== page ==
Presented by Chris Highland
Chris will select several true stories from his new book, Broken Bridges, drawn from years as a chaplain in jails and shelters. He will reflect on the wisdom of the “unheard” as well as insights from well-known voices like Frederick Douglass and the Dalai Lama. His book is an invitation to wider thinking for secular people and for those who still believe. The presentation and discussion should provide ample insights toward repairing, rebuilding, or even replacing old structures of belief that stand in the way of true progressive reform.
Chris is a Humanist Celebrant and Freethinker who served as a Presbyterian Minister and Interfaith Chaplain for many years in the San Francisco Bay Area. He is the author of Broken Bridges, A Freethinker’s Gospel, My Address is a River and other books. He teaches at UNC-Asheville (Reuter Center), Blue Ridge Community College and writes the weekly “Highland Views” column for the Asheville Citizen-Times. He has a Master’s Degree from San Francisco Theological Seminary and a B.A. in Philosophy and Religion from Seattle Pacific University. He has directed and managed several non-profit organizations providing emergency shelter and cooperative housing for independent seniors.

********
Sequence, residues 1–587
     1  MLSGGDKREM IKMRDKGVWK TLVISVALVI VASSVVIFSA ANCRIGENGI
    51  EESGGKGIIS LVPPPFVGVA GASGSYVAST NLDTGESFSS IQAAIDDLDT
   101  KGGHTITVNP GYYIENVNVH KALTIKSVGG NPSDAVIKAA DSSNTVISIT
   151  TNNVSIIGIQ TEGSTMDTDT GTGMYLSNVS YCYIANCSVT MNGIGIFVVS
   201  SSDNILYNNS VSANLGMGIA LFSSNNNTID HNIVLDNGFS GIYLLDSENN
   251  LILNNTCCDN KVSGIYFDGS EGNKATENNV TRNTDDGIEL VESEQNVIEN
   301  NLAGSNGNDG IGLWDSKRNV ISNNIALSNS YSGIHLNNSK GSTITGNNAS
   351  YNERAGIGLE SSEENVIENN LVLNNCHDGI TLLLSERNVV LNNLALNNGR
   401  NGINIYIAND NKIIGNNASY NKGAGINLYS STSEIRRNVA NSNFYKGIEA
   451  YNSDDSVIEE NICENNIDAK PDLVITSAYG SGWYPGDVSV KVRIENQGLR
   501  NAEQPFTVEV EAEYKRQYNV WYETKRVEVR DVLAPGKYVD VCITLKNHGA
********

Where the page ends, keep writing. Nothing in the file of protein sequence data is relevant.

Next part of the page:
Chris lives in Asheville with his wife Carol Hovis, a Presbyterian minister and Enneagram teacher. See www.chighland.com for more information.
Presented by Les Leopold
Les will explore connections that bind the pandemic, police brutality, racism and the structures that are accelerating inequality in our society. Besides lots of data and compelling charts on rising inequality in our society, he will present the results of studies on who’s dying from the current pandemic and why. Les will also look more closely at the functions of prisons and the police in an era of rising inequality. There will be lots of connections for you to chew on.
Les Leopold is the author of “Runaway Inequality: An Activist’s Guide to Economic Justice”, 3rd edition, June, 2018. He not only explains where the U.S. economy went wrong, he provides a roadmap of how to get it back on track.
Les graduated from Oberlin College and Princeton University’s School of Public and International Affairs (MPA 1975) and co-founded the Labor Institute (1976), a non-profit organization focused on occupational safety and health, the environment and economics. He has authored several books. Since the publishing of his most recent book, Les has been speaking and conducting “Reversing Runaway Inequality” workshops and seminars. He states: “Either we wage a large-scale battle for economic, social and environmental justice, or we will witness the continued deterioration of the world we inhabit. The arc of capitalism does not bend towards justice. We must bend it.”